When the train In stopped in Dehradun so did the air-conditioning. It was hot, like being in soup. Loud. Five red-shirted government employed porters rushed into the car to argue with each about who would carry my suitcases, for which they would charge me 800 rupees each—instead of the regular price of 20 rupees for both– because I was white. Within five minutes, Rageev, Anjula’s brother, found me me. He laughed like a round-bellied rascal. “No way will we pay 800 rupees,” he said.
The porters insisted, shouting, fighting with Rageev, and pointing at me. Defiant, yet with humor, Rageev crossed his arms. Robyn, Anjula’s young nephew, pushed in next to Rageev, shook my hand politely and asked if I had the Grand Theft Auto video game.
As it ended up, the skinniest porter carried both of my suitcases on his head. Rageev paid the porter 20 rupees–total.
Outside, on the train platform and in the parking lot, grousp of men with hollow cheeks argued under fluorescent street lamps. A hundred cars honked their horns, but not loud enough to drown out the sound of a dozen motorbikes ripping through the parking lot. It iwas monsoon season and it hadn’t rained for a couple days, so humidity hovered at 99 percent. The air smelled like diesel fuel and shit.
I sit in the back seat of Rageev’s Toyota I buried my blondness in a shadow. As soon as we pulled out onto the main road, Robyn wanted to know the name of my favorite wrestler. I tried to remember the biggies in the sport but couldn’t come up with a recent contender. Robyn turned his head and with a totally cute smile rolled off a roster: “John Cena, Rey Misterio, Mark Henry, Terry Funk, Vince McMahon.”
Dehradun, where I landed, is the first Indian city I got to know: I arrived there on my own, on a northbound train out of Delhi. A 6 hour trip. My travel companion, Anjula, was tracking down her misappropriated suitcase and would follow the next day.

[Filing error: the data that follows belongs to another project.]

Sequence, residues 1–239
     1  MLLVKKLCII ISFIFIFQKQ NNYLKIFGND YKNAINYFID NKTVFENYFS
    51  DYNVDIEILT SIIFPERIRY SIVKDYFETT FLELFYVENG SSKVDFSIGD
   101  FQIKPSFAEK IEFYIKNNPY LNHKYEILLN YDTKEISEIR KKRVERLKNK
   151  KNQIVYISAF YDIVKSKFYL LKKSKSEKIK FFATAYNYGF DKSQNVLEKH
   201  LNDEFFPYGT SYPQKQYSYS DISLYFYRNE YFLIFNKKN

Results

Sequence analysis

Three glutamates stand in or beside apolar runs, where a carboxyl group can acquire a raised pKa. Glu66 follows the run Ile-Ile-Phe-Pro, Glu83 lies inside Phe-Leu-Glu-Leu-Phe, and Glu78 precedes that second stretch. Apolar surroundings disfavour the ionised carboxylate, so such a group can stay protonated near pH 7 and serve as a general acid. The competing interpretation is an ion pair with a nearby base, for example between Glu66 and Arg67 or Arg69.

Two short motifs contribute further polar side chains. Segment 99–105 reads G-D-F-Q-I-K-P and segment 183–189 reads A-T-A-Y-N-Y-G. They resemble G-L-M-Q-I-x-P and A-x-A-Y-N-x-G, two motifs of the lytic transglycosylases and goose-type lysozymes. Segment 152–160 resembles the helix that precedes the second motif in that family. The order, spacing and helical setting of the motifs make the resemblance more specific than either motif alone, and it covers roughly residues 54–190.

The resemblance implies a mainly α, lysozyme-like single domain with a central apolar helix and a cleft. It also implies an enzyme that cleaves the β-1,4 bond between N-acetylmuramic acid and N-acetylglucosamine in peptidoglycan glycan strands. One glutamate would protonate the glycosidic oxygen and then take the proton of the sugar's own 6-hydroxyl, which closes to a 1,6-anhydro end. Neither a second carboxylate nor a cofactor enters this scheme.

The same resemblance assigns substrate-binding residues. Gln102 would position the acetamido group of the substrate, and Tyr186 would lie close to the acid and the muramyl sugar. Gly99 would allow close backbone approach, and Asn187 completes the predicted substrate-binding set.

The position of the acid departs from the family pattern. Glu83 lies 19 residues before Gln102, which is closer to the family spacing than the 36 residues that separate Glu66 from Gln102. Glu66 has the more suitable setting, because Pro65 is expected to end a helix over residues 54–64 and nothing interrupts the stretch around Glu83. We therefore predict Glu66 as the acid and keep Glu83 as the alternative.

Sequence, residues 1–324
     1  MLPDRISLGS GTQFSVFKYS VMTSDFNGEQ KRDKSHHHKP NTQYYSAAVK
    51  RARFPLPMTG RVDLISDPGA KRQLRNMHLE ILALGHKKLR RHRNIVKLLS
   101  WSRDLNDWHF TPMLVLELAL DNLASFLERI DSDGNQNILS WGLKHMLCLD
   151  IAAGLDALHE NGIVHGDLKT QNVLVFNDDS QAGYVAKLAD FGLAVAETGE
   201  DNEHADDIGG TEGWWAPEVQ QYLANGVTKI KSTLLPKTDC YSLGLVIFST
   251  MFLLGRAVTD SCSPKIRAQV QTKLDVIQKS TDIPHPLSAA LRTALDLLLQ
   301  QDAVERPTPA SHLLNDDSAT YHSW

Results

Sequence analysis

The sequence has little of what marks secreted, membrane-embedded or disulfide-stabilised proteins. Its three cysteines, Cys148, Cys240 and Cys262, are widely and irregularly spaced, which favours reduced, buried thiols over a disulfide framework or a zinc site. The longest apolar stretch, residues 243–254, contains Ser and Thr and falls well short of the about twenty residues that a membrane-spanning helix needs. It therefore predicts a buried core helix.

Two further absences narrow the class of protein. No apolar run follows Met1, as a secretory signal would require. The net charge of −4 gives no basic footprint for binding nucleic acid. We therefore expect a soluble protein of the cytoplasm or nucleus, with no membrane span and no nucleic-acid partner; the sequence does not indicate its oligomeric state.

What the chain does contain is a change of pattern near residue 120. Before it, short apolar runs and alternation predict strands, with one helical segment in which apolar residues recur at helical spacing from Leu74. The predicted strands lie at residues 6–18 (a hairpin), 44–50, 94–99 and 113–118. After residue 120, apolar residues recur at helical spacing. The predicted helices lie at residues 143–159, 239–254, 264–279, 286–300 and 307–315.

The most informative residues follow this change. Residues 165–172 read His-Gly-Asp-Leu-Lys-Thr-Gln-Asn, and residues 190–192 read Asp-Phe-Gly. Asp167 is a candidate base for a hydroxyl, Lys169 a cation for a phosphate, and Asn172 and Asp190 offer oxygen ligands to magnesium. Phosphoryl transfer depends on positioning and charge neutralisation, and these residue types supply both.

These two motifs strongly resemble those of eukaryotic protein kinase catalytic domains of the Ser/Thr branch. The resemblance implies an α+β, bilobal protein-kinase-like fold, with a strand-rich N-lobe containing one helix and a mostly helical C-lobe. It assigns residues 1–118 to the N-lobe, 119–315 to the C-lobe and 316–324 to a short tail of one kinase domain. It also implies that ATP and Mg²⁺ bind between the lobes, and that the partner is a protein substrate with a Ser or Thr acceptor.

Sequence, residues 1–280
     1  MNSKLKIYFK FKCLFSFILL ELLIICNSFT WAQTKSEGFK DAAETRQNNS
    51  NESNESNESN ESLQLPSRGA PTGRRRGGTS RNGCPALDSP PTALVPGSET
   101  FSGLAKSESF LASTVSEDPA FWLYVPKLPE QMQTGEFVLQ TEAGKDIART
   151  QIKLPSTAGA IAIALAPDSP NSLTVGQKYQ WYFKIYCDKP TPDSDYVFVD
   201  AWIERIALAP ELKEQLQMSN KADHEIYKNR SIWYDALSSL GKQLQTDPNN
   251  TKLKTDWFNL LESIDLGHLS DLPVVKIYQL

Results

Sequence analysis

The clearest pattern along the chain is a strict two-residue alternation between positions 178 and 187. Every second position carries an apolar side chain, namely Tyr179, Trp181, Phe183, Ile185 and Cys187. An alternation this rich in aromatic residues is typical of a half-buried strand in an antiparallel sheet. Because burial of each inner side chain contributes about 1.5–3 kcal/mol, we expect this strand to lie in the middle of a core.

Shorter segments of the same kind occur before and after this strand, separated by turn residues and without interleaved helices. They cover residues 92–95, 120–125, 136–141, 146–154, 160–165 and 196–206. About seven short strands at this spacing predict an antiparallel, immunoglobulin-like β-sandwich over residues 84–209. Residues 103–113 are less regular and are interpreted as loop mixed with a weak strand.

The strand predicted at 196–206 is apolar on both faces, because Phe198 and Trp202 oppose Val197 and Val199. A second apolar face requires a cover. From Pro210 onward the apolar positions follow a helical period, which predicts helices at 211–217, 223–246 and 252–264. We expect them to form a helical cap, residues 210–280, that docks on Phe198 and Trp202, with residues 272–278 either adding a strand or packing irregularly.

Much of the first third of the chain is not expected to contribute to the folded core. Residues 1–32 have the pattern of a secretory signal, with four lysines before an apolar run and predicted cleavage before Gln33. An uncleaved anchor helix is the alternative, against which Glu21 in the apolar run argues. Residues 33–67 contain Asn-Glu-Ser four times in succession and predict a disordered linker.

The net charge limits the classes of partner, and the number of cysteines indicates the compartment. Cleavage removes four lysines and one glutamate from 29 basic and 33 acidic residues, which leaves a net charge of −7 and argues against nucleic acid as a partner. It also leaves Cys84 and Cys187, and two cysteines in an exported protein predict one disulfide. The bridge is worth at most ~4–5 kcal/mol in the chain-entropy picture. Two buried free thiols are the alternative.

IT is the capital of the newly formed state of Uttarakhand in northern India. To call it a boomtown is close but not quite exact enough to capture the energy and the hungry, hopeful, and emerging feeling. This city of half a million nestles at the foothills of the Himalayas. The sacred Ganga and Yamuna rivers encircle the town, which is a collision point for the modern and traditional; rural and urban; a place with no stop signs and a few red lights that every driver ignores. In the past year, land value quadrupled.
Everywhere you look men in flip-flops are building houses, malls, banks, or condos. They transport impossible loads of plastic conduit pipes to job sites on bicycles. Women in dirty saris dig ditches. People, who migrate here from poorer areas of India, find day jobs on the brim of the road, selling stuff or carrying stuff. Sometimes for fourteen straight hours they hit rocks with hammers creating gravel so that the road can be widened.
English medium schools are popping up on each block like pungent mushrooms in rich, moist, well-rotted animal manure, of which there is plenty in Dehradun ( and everywhere in India) Cows nap on the streets. Pigs eat shit. Dogs follow the pigs. Families live next to the pigs under black tarps at the side of the road. Men pee on trees and storefronts. Everyone drops trash on the streets for someone else to pick up. Of course, short of the pigs, cows, dogs, and children who sort through the stuff with bare hands, heaps of trash continues to pile up on corners and in ditches.
When they occupied India, the British used Dehradun as a summer retreat where they raced horses, trained troops, conducted forestry research, and enjoyed the greenness and more-temperate-than-Calcutta-and-Delhi climate. Nearby cities include the holy river towns of Rishikesh and Hardiwar, and the hill station resort town, Mussoorie, where the Brits used to hang signs “No Indians or Dogs Allowed.” Today’s young people are the town’s treasure. Those from families with money spend their weekend evenings on Rajpur Road hopping clubs and snacking at the clean Pizza Hut or cleaner McDonalds. They call their town Doon, are proud to be citizens of the “school capital of India” and, who like Robyn, possess a cosmopolitan, westernized outlook of the world and India’s future.